'But select capable men from all the people—men who fear God, trustworthy men who hate dishonest gain—and appoint them as officials over thousands, hundreds, fifties and tens.'

Moses' father-in-law advised him to select capable men who feared God—trustworthy men who hated dishonest gain. They were to be appointed as officials over the people to lighten his workload. What can we learn from this? That people who fear God are more likely to be trustworthy and upright: they want to do what is right because they fear God.

Neh 7:2 teaches the same principle:

I put in charge of Jerusalem my brother Hanani, along with Hananiah the commander of the citadel, because he was a man of integrity and feared God more than most men do.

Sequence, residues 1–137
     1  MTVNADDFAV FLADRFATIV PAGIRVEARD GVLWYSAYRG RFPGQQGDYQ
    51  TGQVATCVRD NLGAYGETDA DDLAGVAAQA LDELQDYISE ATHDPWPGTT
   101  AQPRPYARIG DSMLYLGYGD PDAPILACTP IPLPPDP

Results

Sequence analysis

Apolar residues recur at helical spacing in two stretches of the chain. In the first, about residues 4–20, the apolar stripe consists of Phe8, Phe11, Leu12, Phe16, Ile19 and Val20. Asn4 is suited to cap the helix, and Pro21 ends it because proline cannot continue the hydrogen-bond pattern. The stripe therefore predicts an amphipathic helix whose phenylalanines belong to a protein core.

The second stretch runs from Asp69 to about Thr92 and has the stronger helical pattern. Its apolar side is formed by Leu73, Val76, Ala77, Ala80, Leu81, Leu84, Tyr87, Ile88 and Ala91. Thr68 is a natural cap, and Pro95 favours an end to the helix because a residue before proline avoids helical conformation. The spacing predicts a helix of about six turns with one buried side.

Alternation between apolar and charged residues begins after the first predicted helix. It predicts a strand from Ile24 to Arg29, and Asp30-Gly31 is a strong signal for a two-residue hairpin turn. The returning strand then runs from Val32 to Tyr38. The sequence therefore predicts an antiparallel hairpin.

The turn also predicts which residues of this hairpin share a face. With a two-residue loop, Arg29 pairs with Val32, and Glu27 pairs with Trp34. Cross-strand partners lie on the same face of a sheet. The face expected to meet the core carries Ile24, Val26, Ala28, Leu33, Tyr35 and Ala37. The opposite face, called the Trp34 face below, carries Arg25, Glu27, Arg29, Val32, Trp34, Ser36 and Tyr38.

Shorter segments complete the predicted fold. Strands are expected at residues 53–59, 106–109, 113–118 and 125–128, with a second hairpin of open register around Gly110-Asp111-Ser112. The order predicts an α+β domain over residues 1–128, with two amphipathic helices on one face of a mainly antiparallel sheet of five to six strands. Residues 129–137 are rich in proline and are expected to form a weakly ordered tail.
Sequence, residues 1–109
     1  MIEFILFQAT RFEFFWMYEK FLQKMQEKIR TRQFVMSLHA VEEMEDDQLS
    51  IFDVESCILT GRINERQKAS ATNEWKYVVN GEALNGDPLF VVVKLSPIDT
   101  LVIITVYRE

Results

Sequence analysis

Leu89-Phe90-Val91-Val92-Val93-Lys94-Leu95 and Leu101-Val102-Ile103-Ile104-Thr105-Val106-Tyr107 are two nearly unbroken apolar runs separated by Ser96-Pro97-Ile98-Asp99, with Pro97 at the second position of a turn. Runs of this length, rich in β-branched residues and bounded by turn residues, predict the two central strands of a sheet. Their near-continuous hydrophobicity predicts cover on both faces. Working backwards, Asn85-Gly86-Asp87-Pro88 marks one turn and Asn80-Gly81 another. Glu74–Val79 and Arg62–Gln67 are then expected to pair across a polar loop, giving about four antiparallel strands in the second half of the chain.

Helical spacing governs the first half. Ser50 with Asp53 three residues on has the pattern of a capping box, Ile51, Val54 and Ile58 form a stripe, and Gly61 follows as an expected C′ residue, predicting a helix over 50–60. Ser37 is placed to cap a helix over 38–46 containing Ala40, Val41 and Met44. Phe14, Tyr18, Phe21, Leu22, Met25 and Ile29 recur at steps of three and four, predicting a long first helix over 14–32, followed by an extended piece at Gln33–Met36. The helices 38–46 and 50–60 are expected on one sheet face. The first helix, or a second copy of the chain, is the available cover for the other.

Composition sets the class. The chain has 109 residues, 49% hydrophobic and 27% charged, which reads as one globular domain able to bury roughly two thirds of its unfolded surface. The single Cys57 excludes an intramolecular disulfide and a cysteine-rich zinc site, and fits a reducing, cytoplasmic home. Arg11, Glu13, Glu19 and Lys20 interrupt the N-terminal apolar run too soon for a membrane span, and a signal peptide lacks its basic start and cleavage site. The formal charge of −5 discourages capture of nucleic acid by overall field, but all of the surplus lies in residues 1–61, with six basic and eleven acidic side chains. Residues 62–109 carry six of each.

The two quoted attributes of Hananiah—the fact that he feared God and was a man of integrity—are linked. Hananiah's moral uprightness was influenced by his fear of God. A true fear of God will always have a positive moral effect upon a person's life and conduct.

See and fear

Exo 20:18–20 are interesting verses to meditate on:

When the people saw the thunder and lightning and heard the trumpet and saw the mountain in smoke, they trembled with fear. They stayed at a distance and said to Moses, 'Speak to us yourself and we will listen. But do not have God speak to us or we will die.'

Moses said to the people, 'Do not be afraid. God has come to test you, so that the fear of God will be with you to keep you from sinning.'

When God descended on Mount Sinai to give his Law to Israel, he did so with loud trumpet blasts, smoke and fire. 'Don't be afraid,' said Moses, 'this is happening to make you fear God.' That sounds like a contradiction, so what did he mean?

Moses was saying that there was no need for the people to be afraid because they were not in imminent danger. A normally silent God was demonstrating his power to the people so they would fear him in the future and keep the laws he would give them.